I have been referring to this year at ECS as the Year of the Raggant. It didn’t take off in all the ways I hoped it would, but, one of the things that did not disappoint was how all of you acted like raggants. As seniors, you were an elite rumpus within the rumpus, making noise and causing commotion for the benefit of us all.

We talk about six characteristics of a raggant. We didn’t write them with you in mind, but top to bottom as a class you have modeled them the best so far.

Stout image-bearers, not stepping lightly like kittens, but with meaty paws like lions. Seniors, you have refined your rhetoric of roar and reflected a God who cares as you have cared.

Generous disciples of Christ, and here where it would be fine for you to leave big tips, as well as to cause big tips. But you have been generous with your time to hang out with underclassmen, to decorate for events, to give yourselves to others in Jesus’ name.

Copious producers, which you have done, not just in writing parodies about copious production. Go ahead, keep making baskets heavy, and write big books, annoy others that you know so much that it took so many pages and they just couldn’t put it down.

Prodigious learners, because we don’t always know what the next thing to tip is going to be, or even where the pressure point is. I want to come back to this in a moment.

Thankful stewards, and this has been a big part of why you’ve made such an impact, as Mr. Sarr noted in his comments. You’ve done your work with gratefulness, not grumbling. You’ve probably been given more things because it was more fun to do so.

And jovial warriors, laughing so that the other tables get mad, they’re bored and they’re made uncomfortable because you’re having such a great time. This isn’t being cheerful as a way to ignore problems, it’s being cheerful as you address them.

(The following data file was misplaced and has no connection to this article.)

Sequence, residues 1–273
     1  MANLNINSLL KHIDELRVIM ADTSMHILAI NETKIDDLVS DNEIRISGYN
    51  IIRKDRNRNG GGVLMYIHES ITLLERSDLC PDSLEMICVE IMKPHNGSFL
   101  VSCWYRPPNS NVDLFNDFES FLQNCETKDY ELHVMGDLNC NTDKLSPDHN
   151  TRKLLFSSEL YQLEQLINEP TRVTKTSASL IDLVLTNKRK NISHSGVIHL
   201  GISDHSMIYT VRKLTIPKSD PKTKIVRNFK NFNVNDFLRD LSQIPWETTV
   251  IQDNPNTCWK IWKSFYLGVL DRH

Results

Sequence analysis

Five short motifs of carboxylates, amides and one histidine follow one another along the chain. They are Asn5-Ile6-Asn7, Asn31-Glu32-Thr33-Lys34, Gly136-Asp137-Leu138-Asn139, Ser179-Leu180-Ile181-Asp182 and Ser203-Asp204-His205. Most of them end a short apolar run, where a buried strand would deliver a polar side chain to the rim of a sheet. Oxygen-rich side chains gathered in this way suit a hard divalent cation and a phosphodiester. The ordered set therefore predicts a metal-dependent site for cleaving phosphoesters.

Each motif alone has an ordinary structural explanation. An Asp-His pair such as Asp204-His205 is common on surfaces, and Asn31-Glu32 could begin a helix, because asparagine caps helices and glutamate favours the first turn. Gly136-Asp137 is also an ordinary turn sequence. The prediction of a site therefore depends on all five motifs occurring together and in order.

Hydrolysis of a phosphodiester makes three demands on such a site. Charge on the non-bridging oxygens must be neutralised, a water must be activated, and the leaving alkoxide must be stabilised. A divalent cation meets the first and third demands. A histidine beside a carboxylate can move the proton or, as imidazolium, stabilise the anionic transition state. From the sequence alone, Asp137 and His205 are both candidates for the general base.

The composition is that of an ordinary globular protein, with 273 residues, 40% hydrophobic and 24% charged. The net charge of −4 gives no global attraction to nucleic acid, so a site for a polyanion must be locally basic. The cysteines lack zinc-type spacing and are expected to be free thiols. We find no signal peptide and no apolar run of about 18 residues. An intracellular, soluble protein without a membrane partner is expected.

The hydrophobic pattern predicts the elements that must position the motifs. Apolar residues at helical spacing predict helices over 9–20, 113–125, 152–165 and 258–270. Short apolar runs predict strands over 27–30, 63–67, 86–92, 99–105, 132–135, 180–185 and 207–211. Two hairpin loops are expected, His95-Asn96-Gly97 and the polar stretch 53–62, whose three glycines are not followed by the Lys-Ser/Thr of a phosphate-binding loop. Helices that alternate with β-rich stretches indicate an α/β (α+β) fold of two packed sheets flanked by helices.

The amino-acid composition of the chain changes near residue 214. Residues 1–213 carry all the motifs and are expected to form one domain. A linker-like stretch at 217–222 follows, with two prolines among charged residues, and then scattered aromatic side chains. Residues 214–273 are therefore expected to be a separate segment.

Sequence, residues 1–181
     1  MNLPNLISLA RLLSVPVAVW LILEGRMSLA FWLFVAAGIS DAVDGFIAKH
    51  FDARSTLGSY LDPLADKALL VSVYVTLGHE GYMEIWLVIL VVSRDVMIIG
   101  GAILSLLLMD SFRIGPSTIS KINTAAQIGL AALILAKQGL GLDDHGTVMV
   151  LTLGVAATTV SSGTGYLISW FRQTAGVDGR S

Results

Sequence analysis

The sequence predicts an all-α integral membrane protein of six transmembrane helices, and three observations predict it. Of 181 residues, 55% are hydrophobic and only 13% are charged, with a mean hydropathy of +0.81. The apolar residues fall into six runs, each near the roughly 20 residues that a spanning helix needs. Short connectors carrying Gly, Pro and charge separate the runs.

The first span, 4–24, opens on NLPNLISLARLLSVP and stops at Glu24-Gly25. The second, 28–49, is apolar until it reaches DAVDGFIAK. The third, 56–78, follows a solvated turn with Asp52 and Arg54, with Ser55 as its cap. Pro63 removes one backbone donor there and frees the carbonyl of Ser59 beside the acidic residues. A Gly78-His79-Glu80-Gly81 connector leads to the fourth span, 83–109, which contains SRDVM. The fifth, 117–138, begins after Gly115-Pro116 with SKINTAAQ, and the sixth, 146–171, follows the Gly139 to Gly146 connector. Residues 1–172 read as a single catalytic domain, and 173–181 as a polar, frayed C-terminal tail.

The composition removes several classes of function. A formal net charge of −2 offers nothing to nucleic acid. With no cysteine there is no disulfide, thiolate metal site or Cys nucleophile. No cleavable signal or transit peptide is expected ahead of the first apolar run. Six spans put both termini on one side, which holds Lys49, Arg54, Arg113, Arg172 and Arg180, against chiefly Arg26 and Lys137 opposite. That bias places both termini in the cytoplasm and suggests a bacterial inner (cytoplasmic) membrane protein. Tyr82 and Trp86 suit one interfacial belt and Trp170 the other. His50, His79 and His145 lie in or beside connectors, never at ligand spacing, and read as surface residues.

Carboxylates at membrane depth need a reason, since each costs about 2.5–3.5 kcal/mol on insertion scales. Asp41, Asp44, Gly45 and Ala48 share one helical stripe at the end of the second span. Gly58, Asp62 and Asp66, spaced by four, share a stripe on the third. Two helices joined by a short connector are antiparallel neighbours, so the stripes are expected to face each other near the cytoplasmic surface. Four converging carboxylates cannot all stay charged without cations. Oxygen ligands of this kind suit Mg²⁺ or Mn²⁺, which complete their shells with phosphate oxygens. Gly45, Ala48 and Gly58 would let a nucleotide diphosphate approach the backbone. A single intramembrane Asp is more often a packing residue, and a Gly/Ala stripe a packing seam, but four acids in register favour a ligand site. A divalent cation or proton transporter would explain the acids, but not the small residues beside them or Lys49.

As I’ve considered your quad-rumpus, for all your ideas and big plans and finished projects, what really stands out, looking back, is that while you are not easily tip-able, all of you have been teachable. Mr. Sarr pointed out that your thankfulness has been evident, and teachability is like open hands to thankful’s overflowing heart.

You have been teachable, and so you are teaching others. You have received, and so you have things to give. You have listened, and so you have things to think about and more substance to your own thoughts. Even up to yesterday, you were seeking wisdom and willing to update your ideas.

Those who would be great leaders must know how to be ready listeners, eager learners, prompt followers. Those who would advance Christ-honoring culture must not only not reject it, but take the handoff. Your class has killed it in terms of impact on younger students and even on the faculty, because you never acted like you were being held back.

God has blessed you because of that, blessed you with hard-earned unity as a class as well as with deep influence on the school.

Go into every room, not like you own the place, but like you know the Lord who does. You are raggants. You are part of the rumpus. Be teachaBOLD. Tip more, boldly.

“Lives and generations and history are there for the tipping. You have hands. You have words. You have something. Touch the scales. Touch the least of these.”

—N.D. Wilson, Death by Living, 145

Turn the world upside down (Acts 17:6). Don’t leave it the same, you have not left ECS the same.